The slaughter of nine Black worshippers in the Mother Emanuel African Methodist Episcopal Church in Charleston, S.C., was a tragic reminder of the four little girls killed in the bombing of the 16th Street Baptist Church in Birmingham, Ala., in 1963.
After his rousing heartfelt eulogy for the slain Rev. Clementa Pinckney, President Obama was called “Rev. President” by several of the AME pastors. His eulogy was part praise for Rev. Pinckney and part sermon with Obama summoning God’s grace.
There were 11 of us in the audience at the Minor Key in 1960 in Detroit when Ornette Coleman and his quartet showed up for a weeklong engagement.
At 103, Dr. Amelia Boynton Robinson may be physically limited and confined to a wheelchair, but her spirit, inspiration and memories are as fresh and rewarding as they were during the height of the Civil Rights Movement, when her legend was born.
At Northwestern High School in the 1960s, Henry Carr was called the “Gray Ghost” because of his amazing speed in track. But later in life, after becoming a Jehovah’s Witness, he was most interested in the Holy Ghost, in reading the Bible and teaching the importance of service to others. Carr was 72 or 73 when he died of cancer May 29 in Griffin, Ga.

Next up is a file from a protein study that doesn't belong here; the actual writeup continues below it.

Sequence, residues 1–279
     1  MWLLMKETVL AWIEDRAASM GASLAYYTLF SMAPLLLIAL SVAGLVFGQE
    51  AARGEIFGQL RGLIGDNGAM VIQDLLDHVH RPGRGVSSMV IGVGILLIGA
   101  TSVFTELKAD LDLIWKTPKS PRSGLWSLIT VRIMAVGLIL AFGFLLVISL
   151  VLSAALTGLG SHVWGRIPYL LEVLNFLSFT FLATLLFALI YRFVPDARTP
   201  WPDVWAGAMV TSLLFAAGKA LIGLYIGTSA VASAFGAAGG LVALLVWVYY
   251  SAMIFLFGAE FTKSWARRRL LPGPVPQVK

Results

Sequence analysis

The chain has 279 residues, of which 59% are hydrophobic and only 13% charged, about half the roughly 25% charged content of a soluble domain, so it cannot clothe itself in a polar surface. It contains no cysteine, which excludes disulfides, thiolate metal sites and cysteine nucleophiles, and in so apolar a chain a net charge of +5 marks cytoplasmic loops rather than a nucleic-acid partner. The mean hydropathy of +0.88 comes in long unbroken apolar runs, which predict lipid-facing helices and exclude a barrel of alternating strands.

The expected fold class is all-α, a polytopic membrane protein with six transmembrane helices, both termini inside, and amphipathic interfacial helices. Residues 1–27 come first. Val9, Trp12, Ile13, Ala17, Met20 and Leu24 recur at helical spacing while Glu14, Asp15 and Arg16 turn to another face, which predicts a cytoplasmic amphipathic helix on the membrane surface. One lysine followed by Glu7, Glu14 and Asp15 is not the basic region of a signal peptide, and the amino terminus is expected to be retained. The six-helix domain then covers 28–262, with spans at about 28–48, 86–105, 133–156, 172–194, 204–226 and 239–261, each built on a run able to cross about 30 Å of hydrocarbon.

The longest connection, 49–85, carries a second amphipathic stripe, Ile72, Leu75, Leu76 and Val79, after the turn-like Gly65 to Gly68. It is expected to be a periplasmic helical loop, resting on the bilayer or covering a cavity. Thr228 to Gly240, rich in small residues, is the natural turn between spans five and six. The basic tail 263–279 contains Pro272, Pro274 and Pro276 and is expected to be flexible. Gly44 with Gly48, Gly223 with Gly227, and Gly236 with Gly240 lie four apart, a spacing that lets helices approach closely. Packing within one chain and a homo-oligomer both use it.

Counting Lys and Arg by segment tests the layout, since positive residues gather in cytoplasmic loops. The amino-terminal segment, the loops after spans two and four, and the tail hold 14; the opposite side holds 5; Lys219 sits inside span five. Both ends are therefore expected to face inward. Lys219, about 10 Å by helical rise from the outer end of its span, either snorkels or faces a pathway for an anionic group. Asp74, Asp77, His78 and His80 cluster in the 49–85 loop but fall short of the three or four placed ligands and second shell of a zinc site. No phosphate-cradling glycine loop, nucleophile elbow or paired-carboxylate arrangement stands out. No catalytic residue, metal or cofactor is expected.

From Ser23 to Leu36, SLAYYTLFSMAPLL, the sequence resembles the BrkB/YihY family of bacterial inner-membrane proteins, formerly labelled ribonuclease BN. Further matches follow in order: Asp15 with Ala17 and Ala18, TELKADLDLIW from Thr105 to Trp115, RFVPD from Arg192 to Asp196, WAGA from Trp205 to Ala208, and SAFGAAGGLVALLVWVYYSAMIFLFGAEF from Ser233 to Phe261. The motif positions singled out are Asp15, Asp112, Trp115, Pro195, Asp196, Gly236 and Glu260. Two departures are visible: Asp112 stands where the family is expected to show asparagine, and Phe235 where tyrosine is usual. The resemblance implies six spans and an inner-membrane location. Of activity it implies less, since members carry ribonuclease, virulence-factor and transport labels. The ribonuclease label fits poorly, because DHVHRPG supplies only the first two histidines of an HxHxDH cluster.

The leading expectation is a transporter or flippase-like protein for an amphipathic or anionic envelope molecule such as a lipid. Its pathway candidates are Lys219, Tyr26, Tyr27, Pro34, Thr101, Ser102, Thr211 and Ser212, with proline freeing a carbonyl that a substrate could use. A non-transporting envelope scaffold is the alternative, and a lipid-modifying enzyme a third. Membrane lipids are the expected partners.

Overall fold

Since this is Black Music Month, it’s a prime time to feature Valaida Snow, a versatile musician I have always wanted to profile in the “Classroom.”
Unlike Ray Sprigle and John Howard Griffin, two writers who pretended to be Black for a month or so several decades ago, Rachel Dolezal is determined to be Black forever, and apparently, up to now, only her parents and adopted siblings knew her real racial identity.
For nearly an hour Saturday on Roosevelt Island, Hillary Clinton, with several impressive “formers” in front of her name, opened her presidential campaign full bore, invoking past presidents, including her husband, Bill, and memories of her mother.
Dylann Roof, a 21-year-old white man, has been arrested in the mass shooting death of nine people, three men and six women, during a prayer meeting and bible study Wednesday evening at Mother Emanuel African Methodist Episcopal Church in Charleston, S.C.
When it came to dribbling a basketball, making it appear as though he had it on a string, Marques Oreole Haynes of the Harlem Globetrotters was matchless.